Changes to life expectancy amid the Covid-19 pandemic widened an existing gap between the US and other high-income countries, the new report shows. Among a set of 19 peer countries, life expectancy dropped only a third as much as in the US in 2020 (down 0.6 years, on average) and rebounded in 2021, with an average increase of about 0.3 years. Life expectancy in the US fell from 78.9 years in 2019 to 76.6 years in 2021 – now more than five years less than the average among peer nations. (McPhillips, 4/7)

U.S. Life Expectancy Falls In 2021, Following 2020’s Big Drop

Despite the availability of life-saving COVID-19 vaccines, so many people died in the second year of the pandemic in the U.S. that the nation’s life expectancy dropped for a second year in a row last year, according to a new analysis. The analysis of provisional government statistics found U.S. life expectancy fell by just under a half a year in 2021, adding to a dramatic plummet in life expectancy that occurred in 2020. Public health experts had hoped the vaccines would prevent another drop the following year. “The finding that instead we had a horrible loss of life in 2021 that actually drove the life expectancy even lower than it was in 2020 is very disturbing,” says Dr. Steven Woolf, a professor of population health and health equity at Virginia Commonwealth University, who help conduct the analysis. “It speaks to an extensive loss of life during 2021.” (Stein, 4/7)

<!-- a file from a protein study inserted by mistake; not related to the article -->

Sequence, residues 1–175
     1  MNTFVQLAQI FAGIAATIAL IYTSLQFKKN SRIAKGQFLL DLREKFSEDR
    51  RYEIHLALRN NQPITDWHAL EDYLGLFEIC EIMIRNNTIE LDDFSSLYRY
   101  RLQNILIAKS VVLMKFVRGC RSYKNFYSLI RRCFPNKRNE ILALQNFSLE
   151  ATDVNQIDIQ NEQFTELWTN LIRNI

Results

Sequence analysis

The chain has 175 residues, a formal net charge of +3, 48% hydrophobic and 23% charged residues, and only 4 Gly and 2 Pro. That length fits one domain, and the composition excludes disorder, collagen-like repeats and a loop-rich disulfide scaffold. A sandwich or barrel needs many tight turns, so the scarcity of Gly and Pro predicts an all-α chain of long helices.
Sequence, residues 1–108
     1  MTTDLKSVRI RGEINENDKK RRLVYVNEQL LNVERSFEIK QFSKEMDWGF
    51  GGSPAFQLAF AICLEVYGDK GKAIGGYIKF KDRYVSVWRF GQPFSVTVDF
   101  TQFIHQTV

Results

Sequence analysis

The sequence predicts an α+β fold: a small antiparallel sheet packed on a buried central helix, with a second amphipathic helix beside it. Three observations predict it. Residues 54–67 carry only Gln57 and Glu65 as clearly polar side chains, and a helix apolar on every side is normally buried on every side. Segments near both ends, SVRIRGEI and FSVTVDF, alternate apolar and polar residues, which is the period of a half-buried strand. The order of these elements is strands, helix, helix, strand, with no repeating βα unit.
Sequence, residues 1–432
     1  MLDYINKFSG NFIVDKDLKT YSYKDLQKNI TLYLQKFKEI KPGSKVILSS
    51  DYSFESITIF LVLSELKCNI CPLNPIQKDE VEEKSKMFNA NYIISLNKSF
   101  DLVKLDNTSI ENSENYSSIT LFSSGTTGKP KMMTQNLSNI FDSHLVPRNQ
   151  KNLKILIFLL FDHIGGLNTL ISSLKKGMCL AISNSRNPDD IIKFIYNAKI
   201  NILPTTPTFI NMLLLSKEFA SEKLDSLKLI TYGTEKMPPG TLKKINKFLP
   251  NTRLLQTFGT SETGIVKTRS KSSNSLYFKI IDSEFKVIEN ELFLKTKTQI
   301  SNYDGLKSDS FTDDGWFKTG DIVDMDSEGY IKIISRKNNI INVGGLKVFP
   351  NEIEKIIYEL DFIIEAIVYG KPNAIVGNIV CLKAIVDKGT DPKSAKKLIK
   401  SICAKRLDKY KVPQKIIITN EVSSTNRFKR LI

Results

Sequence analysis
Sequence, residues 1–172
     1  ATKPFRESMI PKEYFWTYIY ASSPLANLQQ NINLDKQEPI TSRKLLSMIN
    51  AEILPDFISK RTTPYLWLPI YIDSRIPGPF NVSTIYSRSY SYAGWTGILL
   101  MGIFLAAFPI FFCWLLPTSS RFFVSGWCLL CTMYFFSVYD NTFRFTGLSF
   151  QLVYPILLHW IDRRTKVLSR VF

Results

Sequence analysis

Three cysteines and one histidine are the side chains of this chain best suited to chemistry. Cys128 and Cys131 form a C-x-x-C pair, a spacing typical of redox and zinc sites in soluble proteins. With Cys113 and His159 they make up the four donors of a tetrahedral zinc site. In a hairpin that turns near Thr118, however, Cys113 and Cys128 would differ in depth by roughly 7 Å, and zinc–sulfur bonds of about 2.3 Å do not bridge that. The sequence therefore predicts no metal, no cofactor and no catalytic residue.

US Likely To See A Surge Of Covid-19 In The Fall, Fauci Says 

Dr. Anthony Fauci, director of the National Institute of Allergy and Infectious Diseases, said on Wednesday that he thinks there will be an uptick in cases of Covid-19 over the next few weeks and that it is likely that there could be a surge in the fall. “I think we should expect, David, that over the next couple of weeks, we are going to see an uptick in cases — and hopefully there is enough background immunity so that we don’t wind up with a lot of hospitalizations,” Fauci said when asked by Bloomberg TV’s David Westin about the prospect of another wave of Covid-19 from BA.2 or another variant, given the level of immunity believed to exist in the US today. (Thomas, 4/7)

Salt Lake Tribune:
Utah Reports Nearly 700 New COVID-19 Cases; Sewage Shows Increased Virus Levels At 6 Sites